Four Extremely Instructive Case Histories
This is the seventeenth discussion of the ModernGraham Book Club’s reading ofÂ The Intelligent InvestorÂ by Benjamin GrahamÂ (affiliate link). Â InÂ last week’s discussion, we discussed the sixteenth chapter, which explored some of Graham’s thoughts regarding convertible bonds. Â This week we will discuss the seventeenth chapter, which is titled “Four Extremely Instructive Case Histories.” Â I encourage you to purchase the book (preferably by clicking the link to Amazon, because a purchase through that link will help support the club) and join in with us as we read through a chapter each week; however, even if you don’t have the book I think you will find our discussions to be very useful in your own understanding of value investing, and you can still bring a lot to the discussion from your own experiences as an investor. Â Whether this is the first day you’ve ever been interested in investing, or you have decades of experience with the stock market, we’d love to hear your thoughts in the comments below!
Please feel free to leave a comment on this post with your own responses to the questions, along with any other thoughts you have, and return throughout the next couple of days to see what others have said. If you find something that has been said by anotherÂ commentatorÂ interesting, feel free to respond to them with another comment. Â We’ve had some great discussions throughout the book club, so keep it up!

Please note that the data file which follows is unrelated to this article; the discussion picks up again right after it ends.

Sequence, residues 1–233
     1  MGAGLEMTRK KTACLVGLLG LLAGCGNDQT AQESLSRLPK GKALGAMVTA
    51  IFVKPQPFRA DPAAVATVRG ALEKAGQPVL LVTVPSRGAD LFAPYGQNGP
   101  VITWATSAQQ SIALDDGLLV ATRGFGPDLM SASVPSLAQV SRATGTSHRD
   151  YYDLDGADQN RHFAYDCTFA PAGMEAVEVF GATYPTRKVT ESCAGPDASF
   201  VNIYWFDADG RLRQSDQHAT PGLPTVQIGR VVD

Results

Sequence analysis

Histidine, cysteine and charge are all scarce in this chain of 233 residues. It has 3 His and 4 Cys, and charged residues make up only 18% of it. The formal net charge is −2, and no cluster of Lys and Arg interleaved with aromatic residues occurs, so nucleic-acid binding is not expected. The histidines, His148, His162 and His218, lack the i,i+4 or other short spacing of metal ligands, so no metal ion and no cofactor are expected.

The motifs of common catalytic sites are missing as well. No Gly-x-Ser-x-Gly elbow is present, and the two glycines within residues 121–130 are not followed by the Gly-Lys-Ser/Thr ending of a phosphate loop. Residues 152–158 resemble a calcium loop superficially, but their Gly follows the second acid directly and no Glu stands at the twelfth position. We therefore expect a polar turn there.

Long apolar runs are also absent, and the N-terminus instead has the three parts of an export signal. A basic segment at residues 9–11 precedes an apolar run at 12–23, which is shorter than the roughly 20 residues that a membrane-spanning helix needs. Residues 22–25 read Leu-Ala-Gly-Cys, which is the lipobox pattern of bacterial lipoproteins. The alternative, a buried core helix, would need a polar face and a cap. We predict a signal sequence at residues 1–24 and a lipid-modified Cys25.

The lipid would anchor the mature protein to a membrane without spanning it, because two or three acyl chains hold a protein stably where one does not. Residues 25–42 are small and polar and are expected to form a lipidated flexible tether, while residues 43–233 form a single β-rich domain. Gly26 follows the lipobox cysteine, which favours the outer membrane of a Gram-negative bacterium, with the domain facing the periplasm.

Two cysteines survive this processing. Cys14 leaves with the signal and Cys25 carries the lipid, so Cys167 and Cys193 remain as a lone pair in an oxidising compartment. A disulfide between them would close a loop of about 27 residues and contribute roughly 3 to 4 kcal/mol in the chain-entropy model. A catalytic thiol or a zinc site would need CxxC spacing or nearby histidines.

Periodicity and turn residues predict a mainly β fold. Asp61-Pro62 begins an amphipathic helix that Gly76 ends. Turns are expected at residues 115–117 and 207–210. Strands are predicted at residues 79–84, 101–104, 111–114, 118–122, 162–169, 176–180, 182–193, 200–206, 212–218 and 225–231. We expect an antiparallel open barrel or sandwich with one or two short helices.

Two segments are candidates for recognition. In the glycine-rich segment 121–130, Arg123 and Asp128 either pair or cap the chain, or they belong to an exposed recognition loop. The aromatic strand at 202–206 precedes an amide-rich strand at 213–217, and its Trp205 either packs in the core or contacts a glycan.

Here, Graham looks at the histories of four different companies, all of which had proven to be bad investments which could have been avoided if investors had followed Graham’s teachings for Intelligent Investors. Â The four companies he reviewed in this chapter were Penn Central (Railroad) Company, Ling-Temco-Vought Inc., NVF Corp., and AAA Enterprises. Â All four took on very high levels of debt, through rapid expansion, acquisitions, etc. to the point where each company’s interest coverage level fell precipitously. Â Inevitably each company faced significant financial hurdles, leading to huge drops in stock price and/or bankruptcy.